Everyone is hot for it – so what could possibly go wrong?
A few things: My prediction- by the end of the year the trade press will be talking about a backlash against programmatic? Here’s why:-
People intuit that they are just “target audiences” (and let’s not pretend otherwise)
PA something that is done to people that masquerades as being in the interest of the ” the user”. It is a tool for targeting in a way that is most cost effective for brand owners. Yet, In the selling of PA, many warm, comforting words are used (that Orwell would have taken pleasure in exposing as doublespeak) to give the impression that PA for some sort of greater good- so it is billed as an opportunity to “connect” in a way that is “personalised”.
A fine example of this is a document that has just plonked on my desk (with a black and gold, people-free cover) from Epiphany. It offers a fine explanation of the techniques and technology behind PA – but it is unable to disguise it lack of humanity. People do crop up-but only as types that are ripe to be targeted.
Take this paragraph:
“With the right third party tracking tools, it is possible to connect a user to different devices. This allows for improved sequential retargeting ( as they move done the funnel, for example) and stops the same user from being served the same ad multiple times across device”
So in a nutshell I am going to be stalked by an advertiser who will try out different sales messages on me whether I like it or not. And lots of advertisers are going to be at this game because all the smart guys have been switched on to programmatic. So I am going to be stalked by lots of advertisers.
There are two elephants in the room
In this seductive story of brand efficiency and media value something is missing.
Who can fight back.
Especially the Digital Natives who know a thing of two about protecting their privacy ( think Snapchat) and keeping out unwanted intruders ( think adblocking – and the rise of it among the young). Strangely this response to PA does not make it into Ephiphany’s “all wil be best in the best of all possible worlds ” version of Programmatic
The other elephant is this: once all the smart guys are using programmatic the early mover advantages and the dramatic stories of improved value will be less evident.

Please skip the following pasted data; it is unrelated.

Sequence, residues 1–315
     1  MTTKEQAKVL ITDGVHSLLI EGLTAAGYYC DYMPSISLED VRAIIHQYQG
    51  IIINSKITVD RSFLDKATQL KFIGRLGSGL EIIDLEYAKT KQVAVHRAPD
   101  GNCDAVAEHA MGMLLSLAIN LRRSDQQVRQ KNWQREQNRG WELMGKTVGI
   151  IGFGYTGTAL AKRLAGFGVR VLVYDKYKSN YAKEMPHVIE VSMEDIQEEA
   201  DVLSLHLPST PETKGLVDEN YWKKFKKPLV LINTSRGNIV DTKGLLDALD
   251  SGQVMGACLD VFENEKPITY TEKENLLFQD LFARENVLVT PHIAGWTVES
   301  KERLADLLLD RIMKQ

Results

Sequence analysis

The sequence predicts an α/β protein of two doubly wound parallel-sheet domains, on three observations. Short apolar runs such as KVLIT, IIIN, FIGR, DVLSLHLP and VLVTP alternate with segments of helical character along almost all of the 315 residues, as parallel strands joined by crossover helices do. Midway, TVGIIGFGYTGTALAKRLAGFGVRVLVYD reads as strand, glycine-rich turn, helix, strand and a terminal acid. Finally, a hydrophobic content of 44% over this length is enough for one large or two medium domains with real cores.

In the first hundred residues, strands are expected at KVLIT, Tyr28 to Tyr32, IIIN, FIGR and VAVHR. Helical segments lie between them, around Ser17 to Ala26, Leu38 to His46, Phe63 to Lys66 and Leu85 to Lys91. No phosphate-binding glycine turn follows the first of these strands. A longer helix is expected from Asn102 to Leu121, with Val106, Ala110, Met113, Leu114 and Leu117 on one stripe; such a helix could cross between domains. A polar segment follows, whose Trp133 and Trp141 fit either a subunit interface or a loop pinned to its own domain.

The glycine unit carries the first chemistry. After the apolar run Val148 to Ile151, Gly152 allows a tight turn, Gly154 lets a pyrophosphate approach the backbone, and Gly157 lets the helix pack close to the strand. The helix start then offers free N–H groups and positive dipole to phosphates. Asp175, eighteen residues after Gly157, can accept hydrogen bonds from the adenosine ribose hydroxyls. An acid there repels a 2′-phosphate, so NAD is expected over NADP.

Some historical perspective is needed to see where this might go
PA is being oversold (as database marketing was before)
PA is the latest development in data driven targeting that started with Amex in the 70s. It was oversold then. It is being oversold now. Many of the warm words used to sell PA are the same as those used to promote “CRM ” in conferences I attended in the 80s.
Out in the real world the bubble of hype bursts when you received a ” personalised” letter with your surname misspelt or you reach a milestone birthday only for an algorythm to decide that some life insurance is timely for you ( or even a funeral plan) and to track you across the internet in the manner of a slightly dumb but insistent salesman who just wont leave you alone.
PA does not inspire great creative
Programmatic buying doesn’t “connect” with creative department in agencies. Why? For fundamental reasons: PA sees people as data points to be traded in real time based on cost. If people are seen mainly as data points that send off signals as to their practical needs ( insurance, a new car, a holiday) – then the creative developed will mainly be “response type”.
Great creative (and especially great database marketing ) depends on empathy with people as living breathing human beings. The DoubleClick team (which sold programmatic during my time at Google) engaged account planners ( like me) to bridge this gap. I am not sure they got anywhere. There was a woeful lack of case histories proving that programmatic leads to the kind of creative work that lights up emotions and make people feel positive about that brand that brought it to them. An occasional example of creative would be held up – but it was the rare exception that proved the rule.
Programmatic Advertising is being sold today as a silver bullet (or at the very least as way for marketers to deliver a more results oriented story in the boardroom.)
In truth it is the latest development in a long story about the pursuit of marketing efficiency using data and technology
And I predict that its failure to embrace the feelings of people (buyers/users/consumers/human beings) and the ambitions of those who want to do great creative work will bring a cooling of the current ardour.